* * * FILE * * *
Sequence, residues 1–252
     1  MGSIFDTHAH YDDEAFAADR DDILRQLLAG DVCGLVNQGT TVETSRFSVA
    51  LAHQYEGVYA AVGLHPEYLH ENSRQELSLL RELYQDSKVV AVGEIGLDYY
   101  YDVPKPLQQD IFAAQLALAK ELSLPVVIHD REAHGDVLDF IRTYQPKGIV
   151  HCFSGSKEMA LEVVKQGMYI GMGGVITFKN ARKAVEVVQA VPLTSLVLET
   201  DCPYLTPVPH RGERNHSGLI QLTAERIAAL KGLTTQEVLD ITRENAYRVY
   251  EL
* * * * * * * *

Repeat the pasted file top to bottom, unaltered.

Sequence, residues 1–252
     1  MGSIFDTHAH YDDEAFAADR DDILRQLLAG DVCGLVNQGT TVETSRFSVA
    51  LAHQYEGVYA AVGLHPEYLH ENSRQELSLL RELYQDSKVV AVGEIGLDYY
   101  YDVPKPLQQD IFAAQLALAK ELSLPVVIHD REAHGDVLDF IRTYQPKGIV
   151  HCFSGSKEMA LEVVKQGMYI GMGGVITFKN ARKAVEVVQA VPLTSLVLET
   201  DCPYLTPVPH RGERNHSGLI QLTAERIAAL KGLTTQEVLD ITRENAYRVY
   251  EL